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Ugandan President declines Pyongyang award

By Yi Whan-woo

Ugandan President Yoweri Museveni has repeatedly rejected North Korea's offer to accept its most honorable award named after its late founder Kim Il-sung, diplomatic sources said Friday.

They speculated that the refusal reflected Pyongyang's deepening international isolation because of its nuclear program and state-perpetrated human rights violations.

The sources said the Ugandan President declined to visit Pyongyang to accept the International Kim Il Sung Prize in April.

His refusal came after North Korea nominated him in October 2014.

Introduced in 1993, the prize is given to a world leader who faithfully fulfills North Korea's indigenous political ideology of Juche, which stresses independence and self-reliance of the people.

Pyongyang nominated Museveni in recognition of "his contribution to independent development of African countries and peace and prosperity in Uganda."

The Ugandan government acknowledged the offer was made, but, without giving details, has made it clear that Museveni will not accept the award, according to the sources.

They said the Ugandan foreign ministry reiterated the refusal early this month when North Korean Ambassador to Uganda Myong Kyong-chol met its officials to try to convince them.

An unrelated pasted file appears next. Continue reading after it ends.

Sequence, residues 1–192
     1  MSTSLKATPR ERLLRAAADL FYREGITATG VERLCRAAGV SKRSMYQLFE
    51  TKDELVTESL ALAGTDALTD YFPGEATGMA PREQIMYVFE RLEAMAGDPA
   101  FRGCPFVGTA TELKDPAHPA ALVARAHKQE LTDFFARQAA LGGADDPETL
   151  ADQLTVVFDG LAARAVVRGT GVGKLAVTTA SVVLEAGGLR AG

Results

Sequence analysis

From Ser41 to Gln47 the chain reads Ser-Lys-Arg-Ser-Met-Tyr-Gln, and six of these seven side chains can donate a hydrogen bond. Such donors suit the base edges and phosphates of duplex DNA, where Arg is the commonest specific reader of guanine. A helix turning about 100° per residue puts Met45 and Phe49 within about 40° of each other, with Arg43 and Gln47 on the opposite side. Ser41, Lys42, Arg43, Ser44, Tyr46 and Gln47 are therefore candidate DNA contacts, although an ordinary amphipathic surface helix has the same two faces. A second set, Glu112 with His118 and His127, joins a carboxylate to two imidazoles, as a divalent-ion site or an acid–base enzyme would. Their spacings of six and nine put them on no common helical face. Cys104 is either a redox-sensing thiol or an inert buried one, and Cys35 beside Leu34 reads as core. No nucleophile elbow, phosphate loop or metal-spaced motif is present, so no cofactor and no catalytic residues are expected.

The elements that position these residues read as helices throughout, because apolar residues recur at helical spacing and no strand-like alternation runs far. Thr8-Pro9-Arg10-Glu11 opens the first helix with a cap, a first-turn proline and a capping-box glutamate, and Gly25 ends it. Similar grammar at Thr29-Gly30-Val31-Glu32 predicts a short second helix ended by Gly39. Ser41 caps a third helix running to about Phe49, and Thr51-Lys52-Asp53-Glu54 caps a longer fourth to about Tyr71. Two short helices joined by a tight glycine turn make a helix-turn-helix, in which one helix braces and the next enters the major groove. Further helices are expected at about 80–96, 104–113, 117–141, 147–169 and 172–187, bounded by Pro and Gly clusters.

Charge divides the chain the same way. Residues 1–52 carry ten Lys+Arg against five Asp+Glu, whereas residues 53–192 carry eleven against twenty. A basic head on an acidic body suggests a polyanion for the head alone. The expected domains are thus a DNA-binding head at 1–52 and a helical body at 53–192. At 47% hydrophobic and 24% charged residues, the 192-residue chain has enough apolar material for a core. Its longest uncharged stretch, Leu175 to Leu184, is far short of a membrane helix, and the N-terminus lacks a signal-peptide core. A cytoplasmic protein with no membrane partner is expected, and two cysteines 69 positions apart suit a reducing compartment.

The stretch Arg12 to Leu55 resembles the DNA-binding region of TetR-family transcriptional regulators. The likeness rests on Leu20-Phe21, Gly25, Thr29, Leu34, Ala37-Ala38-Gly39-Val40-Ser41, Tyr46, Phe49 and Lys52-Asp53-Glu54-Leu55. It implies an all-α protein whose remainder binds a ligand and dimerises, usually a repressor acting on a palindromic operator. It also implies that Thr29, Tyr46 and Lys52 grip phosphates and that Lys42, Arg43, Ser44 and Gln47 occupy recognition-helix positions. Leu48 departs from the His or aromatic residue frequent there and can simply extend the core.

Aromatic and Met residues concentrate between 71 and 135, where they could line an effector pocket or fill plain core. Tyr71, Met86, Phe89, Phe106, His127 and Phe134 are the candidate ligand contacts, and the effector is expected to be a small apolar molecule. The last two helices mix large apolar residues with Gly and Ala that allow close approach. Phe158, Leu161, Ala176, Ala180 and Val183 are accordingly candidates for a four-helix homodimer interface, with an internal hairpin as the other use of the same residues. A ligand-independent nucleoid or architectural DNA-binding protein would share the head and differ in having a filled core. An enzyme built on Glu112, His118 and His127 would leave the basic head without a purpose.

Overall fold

Only two world leaders have accepted the Kim Il Sung Prize since 1993.

In 2008, former Namibian President Sam Nujoma accepted the award as did ex-Cambodian King Norodom Sihanouk in 2012.

By Yi Whan-woo

Ugandan President Yoweri Museveni has repeatedly rejected North Korea's offer to accept its most honorable award named after its late founder Kim Il-sung, diplomatic sources said Friday.

They speculated that the refusal reflected Pyongyang's deepening international isolation because of its nuclear program and state-perpetrated human rights violations.

The sources said the Ugandan President declined to visit Pyongyang to accept the International Kim Il Sung Prize in April.

His refusal came after North Korea nominated him in October 2014.

Introduced in 1993, the prize is given to a world leader who faithfully fulfills North Korea's indigenous political ideology of Juche, which stresses independence and self-reliance of the people.

Pyongyang nominated Museveni in recognition of "his contribution to independent development of African countries and peace and prosperity in Uganda."

The Ugandan government acknowledged the offer was made, but, without giving details, has made it clear that Museveni will not accept the award, according to the sources.

They said the Ugandan foreign ministry reiterated the refusal early this month when North Korean Ambassador to Uganda Myong Kyong-chol met its officials to try to convince them.

Only two world leaders have accepted the Kim Il Sung Prize since 1993.

In 2008, former Namibian President Sam Nujoma accepted the award as did ex-Cambodian King Norodom Sihanouk in 2012.

Yi Whan-woo yistory@koreatimes.co.kr
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